Lucky Strikes, by Louis Bayard, opens with the death of Melia’s mother.
“Mama died hard. you should know that.”
She is 14 years old and now the head of her family. It’s the depression, but she can run the gas station her Mama established. Melia is rough, but smart. She knows she needs to come up with a plan to keep her two siblings (Earle and Janey) and herself out of the hands of the good women of Walnut Ridge, Virginia, who will surely want to put them all in separate foster homes.
Melia has never met her father and Mama told her nothing. Janey and Earle’s father is in jail. So, the arrival of a drunken hobo named Hiram seems to be the answer to her prayers. He can pose as her father so the family can stay together while she figures out how to make it all work until she is legally old enough.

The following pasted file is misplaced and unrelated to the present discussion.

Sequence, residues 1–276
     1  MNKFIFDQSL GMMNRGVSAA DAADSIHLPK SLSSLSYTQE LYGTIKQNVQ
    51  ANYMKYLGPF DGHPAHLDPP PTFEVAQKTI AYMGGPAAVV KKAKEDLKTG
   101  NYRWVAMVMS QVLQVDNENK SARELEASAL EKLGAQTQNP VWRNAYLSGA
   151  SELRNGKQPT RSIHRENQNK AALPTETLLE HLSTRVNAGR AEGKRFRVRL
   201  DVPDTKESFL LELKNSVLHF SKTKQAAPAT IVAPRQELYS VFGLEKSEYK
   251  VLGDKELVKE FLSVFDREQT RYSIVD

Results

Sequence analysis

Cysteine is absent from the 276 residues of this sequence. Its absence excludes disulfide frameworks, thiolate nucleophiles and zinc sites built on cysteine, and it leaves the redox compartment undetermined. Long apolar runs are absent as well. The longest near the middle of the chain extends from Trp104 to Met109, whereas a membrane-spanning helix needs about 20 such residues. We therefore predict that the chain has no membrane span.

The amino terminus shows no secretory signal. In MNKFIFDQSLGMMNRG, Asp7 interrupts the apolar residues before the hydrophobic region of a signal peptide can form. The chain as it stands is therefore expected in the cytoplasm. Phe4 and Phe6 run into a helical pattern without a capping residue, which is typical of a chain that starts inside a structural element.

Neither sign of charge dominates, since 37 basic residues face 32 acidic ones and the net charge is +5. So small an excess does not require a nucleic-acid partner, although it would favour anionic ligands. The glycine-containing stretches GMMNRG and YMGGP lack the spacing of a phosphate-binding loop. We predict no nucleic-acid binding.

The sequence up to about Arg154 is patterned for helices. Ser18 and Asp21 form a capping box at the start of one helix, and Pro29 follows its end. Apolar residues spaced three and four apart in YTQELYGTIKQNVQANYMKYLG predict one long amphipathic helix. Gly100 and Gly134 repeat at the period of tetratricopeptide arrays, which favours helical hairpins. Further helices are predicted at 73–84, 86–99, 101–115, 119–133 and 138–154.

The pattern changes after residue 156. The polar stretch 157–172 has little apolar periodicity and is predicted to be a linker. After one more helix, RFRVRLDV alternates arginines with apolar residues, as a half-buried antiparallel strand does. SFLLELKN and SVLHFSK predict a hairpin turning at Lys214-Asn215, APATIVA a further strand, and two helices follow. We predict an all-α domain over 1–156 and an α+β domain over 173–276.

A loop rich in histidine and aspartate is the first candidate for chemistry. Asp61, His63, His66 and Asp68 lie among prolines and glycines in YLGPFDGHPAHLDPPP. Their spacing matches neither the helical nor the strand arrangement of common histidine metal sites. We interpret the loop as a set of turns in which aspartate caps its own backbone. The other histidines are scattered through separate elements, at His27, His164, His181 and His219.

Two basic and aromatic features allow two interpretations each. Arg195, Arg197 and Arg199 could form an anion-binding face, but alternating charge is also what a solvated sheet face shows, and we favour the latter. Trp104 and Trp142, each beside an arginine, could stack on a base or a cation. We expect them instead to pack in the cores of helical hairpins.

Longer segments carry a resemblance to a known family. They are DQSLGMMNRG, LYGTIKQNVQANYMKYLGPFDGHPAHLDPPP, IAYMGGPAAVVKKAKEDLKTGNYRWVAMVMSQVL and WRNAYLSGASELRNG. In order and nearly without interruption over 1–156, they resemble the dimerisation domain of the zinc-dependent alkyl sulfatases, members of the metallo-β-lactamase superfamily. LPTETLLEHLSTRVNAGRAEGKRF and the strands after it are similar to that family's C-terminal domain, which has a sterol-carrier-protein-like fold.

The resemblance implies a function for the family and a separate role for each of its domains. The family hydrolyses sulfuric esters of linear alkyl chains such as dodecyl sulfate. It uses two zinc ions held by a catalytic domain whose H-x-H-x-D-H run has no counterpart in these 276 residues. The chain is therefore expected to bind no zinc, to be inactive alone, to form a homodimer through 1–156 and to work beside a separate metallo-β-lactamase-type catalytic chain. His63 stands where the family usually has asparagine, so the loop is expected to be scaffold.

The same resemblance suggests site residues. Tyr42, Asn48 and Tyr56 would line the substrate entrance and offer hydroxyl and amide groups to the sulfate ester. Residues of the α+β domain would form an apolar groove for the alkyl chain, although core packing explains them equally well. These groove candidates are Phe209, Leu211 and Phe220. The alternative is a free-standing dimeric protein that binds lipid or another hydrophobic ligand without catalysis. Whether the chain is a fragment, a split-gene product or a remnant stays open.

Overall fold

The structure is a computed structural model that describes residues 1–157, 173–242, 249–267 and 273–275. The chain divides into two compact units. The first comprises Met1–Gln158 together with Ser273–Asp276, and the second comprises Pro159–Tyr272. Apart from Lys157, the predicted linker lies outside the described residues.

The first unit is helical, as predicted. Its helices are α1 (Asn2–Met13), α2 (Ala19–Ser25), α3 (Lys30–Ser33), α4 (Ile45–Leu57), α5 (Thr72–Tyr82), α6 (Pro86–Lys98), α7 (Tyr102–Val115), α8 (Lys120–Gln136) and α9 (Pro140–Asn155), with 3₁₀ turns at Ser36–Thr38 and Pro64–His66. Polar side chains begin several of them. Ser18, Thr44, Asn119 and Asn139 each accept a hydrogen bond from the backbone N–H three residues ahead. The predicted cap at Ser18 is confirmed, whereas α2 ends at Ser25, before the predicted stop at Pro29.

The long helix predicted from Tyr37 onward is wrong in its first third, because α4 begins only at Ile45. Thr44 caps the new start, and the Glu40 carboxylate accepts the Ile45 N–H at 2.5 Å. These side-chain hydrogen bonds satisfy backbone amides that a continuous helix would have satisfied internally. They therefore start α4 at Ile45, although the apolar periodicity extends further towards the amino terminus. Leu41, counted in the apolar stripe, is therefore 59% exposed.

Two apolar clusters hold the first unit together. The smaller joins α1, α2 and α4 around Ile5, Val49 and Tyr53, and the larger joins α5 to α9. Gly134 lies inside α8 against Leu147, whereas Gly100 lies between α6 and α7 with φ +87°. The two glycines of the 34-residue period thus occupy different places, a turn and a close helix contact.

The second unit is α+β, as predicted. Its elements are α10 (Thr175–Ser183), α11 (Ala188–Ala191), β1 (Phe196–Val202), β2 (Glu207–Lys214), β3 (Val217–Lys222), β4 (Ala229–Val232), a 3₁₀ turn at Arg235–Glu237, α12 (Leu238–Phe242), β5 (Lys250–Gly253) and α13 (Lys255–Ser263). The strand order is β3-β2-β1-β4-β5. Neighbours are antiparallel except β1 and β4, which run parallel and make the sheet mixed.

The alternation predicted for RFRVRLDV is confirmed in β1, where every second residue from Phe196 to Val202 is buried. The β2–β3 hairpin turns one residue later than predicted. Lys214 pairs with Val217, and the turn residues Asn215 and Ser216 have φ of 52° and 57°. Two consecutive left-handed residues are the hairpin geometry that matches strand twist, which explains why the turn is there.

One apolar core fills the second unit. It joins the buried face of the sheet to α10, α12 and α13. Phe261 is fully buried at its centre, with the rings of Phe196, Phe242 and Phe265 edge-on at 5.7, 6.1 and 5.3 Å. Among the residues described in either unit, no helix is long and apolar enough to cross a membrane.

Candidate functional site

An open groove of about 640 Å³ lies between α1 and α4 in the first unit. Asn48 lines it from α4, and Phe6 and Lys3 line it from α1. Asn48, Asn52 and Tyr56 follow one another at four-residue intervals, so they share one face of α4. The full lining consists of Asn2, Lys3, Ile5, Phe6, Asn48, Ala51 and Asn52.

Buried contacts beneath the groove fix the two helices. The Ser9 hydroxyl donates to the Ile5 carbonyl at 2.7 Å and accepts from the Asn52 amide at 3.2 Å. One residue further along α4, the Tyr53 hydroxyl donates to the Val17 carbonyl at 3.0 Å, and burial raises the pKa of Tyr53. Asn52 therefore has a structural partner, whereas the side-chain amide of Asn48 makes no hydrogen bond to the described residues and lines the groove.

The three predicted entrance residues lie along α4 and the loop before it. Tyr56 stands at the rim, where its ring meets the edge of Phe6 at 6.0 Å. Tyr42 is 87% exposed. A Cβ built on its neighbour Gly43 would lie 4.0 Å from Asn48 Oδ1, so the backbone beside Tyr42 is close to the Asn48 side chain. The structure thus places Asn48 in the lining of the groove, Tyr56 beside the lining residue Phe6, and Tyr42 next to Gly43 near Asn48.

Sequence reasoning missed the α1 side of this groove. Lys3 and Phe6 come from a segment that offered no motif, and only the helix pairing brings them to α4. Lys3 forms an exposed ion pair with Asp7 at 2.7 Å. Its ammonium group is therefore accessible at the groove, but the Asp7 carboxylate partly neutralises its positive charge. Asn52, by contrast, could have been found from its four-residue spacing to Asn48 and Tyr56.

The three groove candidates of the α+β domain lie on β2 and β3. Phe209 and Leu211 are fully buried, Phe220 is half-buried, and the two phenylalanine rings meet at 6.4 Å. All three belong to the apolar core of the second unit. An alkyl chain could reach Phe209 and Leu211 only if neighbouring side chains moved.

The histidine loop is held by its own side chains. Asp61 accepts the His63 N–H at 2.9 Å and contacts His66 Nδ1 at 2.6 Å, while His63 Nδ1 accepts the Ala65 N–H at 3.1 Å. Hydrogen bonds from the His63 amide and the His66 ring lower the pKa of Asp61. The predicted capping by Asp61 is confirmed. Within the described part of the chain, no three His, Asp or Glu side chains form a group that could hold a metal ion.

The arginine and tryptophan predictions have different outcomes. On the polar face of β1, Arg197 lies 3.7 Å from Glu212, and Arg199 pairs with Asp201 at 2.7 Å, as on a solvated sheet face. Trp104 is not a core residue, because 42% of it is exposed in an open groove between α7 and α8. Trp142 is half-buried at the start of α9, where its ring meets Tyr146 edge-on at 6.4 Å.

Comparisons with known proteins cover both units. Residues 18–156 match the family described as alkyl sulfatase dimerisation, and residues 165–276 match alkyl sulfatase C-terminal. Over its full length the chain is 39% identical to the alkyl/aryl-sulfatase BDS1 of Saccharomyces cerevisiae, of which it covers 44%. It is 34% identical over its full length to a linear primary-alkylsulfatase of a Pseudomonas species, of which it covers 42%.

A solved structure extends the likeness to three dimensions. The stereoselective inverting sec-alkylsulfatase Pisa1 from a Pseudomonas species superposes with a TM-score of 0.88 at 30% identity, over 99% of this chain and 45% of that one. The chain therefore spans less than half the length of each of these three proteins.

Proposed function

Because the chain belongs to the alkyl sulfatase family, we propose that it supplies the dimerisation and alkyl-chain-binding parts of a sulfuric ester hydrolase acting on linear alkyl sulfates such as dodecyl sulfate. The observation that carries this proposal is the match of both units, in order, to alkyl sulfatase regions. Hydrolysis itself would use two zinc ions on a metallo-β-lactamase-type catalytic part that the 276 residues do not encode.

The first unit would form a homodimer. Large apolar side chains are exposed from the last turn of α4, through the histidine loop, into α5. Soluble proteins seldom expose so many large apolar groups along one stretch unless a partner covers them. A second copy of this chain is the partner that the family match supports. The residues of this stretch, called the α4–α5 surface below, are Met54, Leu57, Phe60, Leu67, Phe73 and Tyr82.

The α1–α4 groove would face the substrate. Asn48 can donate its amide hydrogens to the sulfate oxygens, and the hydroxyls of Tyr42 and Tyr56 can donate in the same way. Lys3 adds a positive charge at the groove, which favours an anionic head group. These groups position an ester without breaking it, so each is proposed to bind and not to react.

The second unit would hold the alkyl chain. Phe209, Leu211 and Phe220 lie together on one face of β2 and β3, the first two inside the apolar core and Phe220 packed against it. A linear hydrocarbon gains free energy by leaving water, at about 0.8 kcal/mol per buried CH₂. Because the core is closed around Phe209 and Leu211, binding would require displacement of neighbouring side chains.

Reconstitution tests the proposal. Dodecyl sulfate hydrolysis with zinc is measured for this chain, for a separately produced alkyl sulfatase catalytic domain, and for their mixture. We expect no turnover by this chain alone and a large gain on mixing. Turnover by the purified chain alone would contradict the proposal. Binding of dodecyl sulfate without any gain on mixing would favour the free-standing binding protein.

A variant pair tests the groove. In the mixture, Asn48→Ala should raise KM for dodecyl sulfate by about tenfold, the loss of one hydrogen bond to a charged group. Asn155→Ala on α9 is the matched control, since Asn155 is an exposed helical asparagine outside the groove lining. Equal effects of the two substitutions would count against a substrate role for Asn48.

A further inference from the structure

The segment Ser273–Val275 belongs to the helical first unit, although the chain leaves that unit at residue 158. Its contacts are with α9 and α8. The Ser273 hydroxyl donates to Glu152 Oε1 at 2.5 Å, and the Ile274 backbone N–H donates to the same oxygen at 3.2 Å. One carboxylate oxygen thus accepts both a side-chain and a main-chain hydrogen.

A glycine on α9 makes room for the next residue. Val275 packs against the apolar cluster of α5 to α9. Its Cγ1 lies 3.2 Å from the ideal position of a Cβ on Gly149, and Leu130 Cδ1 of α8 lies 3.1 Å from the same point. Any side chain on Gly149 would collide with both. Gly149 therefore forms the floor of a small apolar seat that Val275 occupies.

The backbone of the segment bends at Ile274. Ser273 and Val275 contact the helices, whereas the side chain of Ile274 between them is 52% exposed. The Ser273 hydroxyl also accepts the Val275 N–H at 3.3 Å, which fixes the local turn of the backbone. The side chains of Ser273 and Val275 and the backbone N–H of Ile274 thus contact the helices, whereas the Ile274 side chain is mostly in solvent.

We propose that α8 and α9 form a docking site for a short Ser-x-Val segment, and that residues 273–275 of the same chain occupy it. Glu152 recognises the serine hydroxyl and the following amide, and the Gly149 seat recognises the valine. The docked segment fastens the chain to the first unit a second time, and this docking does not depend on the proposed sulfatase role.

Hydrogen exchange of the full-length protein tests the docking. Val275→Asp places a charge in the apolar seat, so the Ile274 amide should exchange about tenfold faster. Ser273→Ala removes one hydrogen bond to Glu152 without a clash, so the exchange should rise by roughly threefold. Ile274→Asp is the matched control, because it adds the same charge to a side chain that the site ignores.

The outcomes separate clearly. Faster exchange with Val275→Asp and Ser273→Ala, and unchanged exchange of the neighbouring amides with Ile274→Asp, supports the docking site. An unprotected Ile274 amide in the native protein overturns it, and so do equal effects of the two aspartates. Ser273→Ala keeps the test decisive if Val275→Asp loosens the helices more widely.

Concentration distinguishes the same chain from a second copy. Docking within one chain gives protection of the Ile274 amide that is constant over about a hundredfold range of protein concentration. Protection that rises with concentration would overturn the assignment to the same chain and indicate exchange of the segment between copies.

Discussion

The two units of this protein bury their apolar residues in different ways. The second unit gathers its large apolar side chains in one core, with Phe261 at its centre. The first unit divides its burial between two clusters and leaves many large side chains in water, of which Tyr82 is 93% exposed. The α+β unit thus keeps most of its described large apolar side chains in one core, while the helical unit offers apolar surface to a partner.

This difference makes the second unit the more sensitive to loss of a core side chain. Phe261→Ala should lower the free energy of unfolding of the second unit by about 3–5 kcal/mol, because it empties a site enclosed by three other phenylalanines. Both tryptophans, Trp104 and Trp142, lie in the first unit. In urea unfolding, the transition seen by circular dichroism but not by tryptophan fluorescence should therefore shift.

Forces work against her: do-gooders who want to split the family; a local man who wants to take over her gas station. But forces also work for her. Although she is foul-mouthed and unpolished, Melia has a heart of gold. The truckers who stop at her station, Hiram and several other characters are drawn to the small family and, though not related by blood, are like family.